Choosing the right team and gear is a critical first step when hiring an outside video crew. So knowing about the different types of teams and approaches to filming will help you determine whether you are booking the right crew for your project. In this video, author Amy DeLouise explains the difference between ENG and EFP crews.
- Choosing the right team with the right gear is a critical first step when planning to hire an outside video crew. Not all crews are identical, so knowing about the different types of teams and approaches to filming will help you determine whether you're booking the right crew for your project. In the industry, we tend to refer to crews based on what type of shoot they are covering. Sometimes the terms ENG and EFP are used. ENG stands for electronic news gathering and, as the name implies, comes out of the news format. So shoots are booked for fast, real time content acquisition, not for stylistic composition or creative approach. EFP refers to electronic field production or sometimes people say electronic film production. These teams don't get smaller than three people and can be as large as 20 to deliver planned scenes and sequences, such as for training films, outreach or marketing campaigns. Whether or not you use these acronyms doesn't really matter, you and the production company you contact are going to need to determine the right size of crew for your job. Some projects can be covered by small teams. Teams as small as one person, what we call a one woman or one man band. This person has to operate both the camera and the sound, which means they either need to have a mic mounted on the top of the camera or they use a wireless microphone, or a wired microphone feeding directly into the camera. Sometimes a small crew is two people, a Camera Operator and a Sound Engineer. Sometimes we add a Grip or a Producer Interviewer to that team. The setups are still fast and designed for speed and not elegance. I'll give you an example. Here's a shot of me being interviewed by an ENG crew on the show floor of a big industry conference. So as you can see, there's a person right behind the camera and there's somebody holding that microphone and that's pretty much it, but there is a guy interviewing me that you can see on the other side of the camera. I will say that occasionally I have been able to accomplish EFP style shoots with only a two person crew, but that is only as long as we have a schedule that's a bit slower and we don't have a lot of scenes to cover. So I'll give you an example. This is a picture of a recent shoot I produced for a non-profit fundraising video and you can see that there's just two women, one shooting and one doing sound and then I'm there producing obviously and conducting interviews that you're not seeing in this particular picture. But more typically, EFP shoots have more crew and more equipment to accomplish the goals of the story, which might include studio or field locations, on camera talent, whether that's real people or paid actors, and there might be some specialized gear depending on the subject or the lighting requirements in the locations. Like you can see in these pictures. One thing that we did here in the studio and then another thing that we did out on location. In some cases the same crew members could deliver an ENG shoot or an EFP shoot, but they would really need to know what you're trying to accomplish and they would bring different equipment and basically have different expectations about what they will deliver to you as an end product. So at the start of your project, you want to state your goals from the outset. Is this a project where you just want to record what's happening in real time like a news story unfolding? Or are you looking to create some more artistic end product with a particular look and style? Are there elements to your production which can happen very quickly, like a brief message to camera that doesn't require a teleprompter? Or maybe there's some lengthY speeches or seated interviews or other elements like a reenactment for a training film that are going to take some time to light and prepare? Define your goals so that you know what type of crew to book for your project.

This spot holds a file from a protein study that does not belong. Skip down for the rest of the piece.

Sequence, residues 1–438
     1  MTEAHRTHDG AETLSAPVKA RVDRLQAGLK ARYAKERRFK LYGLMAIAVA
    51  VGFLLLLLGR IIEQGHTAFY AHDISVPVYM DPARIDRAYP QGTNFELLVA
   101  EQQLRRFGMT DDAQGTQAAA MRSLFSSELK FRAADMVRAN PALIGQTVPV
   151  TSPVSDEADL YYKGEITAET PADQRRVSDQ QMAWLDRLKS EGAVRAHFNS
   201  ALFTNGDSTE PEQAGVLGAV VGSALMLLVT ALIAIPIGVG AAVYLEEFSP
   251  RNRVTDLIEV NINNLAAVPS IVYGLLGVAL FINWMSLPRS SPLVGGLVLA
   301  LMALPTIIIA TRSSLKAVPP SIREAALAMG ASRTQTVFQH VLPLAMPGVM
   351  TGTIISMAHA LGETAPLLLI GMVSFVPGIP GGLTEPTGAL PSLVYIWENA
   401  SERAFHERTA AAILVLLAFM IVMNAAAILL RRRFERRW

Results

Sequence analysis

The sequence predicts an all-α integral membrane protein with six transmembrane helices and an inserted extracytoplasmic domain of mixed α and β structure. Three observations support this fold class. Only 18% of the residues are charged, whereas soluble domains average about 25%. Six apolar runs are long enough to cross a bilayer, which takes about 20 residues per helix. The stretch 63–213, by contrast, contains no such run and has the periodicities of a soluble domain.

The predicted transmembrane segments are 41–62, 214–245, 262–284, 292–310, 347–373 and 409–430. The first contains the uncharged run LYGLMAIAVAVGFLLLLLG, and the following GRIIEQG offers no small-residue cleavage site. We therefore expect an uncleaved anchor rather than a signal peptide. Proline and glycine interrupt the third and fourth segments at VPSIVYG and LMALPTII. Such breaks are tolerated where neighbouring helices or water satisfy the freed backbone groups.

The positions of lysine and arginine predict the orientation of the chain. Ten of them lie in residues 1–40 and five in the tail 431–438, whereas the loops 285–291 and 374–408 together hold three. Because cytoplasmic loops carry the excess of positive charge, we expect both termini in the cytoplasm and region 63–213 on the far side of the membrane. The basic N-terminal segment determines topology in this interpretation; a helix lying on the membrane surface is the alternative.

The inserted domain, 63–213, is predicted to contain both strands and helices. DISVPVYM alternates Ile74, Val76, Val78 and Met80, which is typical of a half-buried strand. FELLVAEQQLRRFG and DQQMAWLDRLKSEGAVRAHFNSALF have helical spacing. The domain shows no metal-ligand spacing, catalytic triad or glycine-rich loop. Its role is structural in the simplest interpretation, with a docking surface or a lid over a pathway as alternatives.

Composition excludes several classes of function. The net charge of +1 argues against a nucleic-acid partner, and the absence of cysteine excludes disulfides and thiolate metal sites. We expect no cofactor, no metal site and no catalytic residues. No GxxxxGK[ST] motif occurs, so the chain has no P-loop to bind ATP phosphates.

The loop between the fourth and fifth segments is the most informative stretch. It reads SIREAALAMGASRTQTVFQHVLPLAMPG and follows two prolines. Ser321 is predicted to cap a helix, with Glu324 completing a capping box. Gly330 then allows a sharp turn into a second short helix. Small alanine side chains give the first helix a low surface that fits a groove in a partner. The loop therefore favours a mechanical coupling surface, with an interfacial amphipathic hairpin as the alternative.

- Choosing your team
- Choosing your equipment
- Getting everyone on the same page
- Preparing for your shoot
- Managing your shoot
- Key elements on your shoot that will affect your edit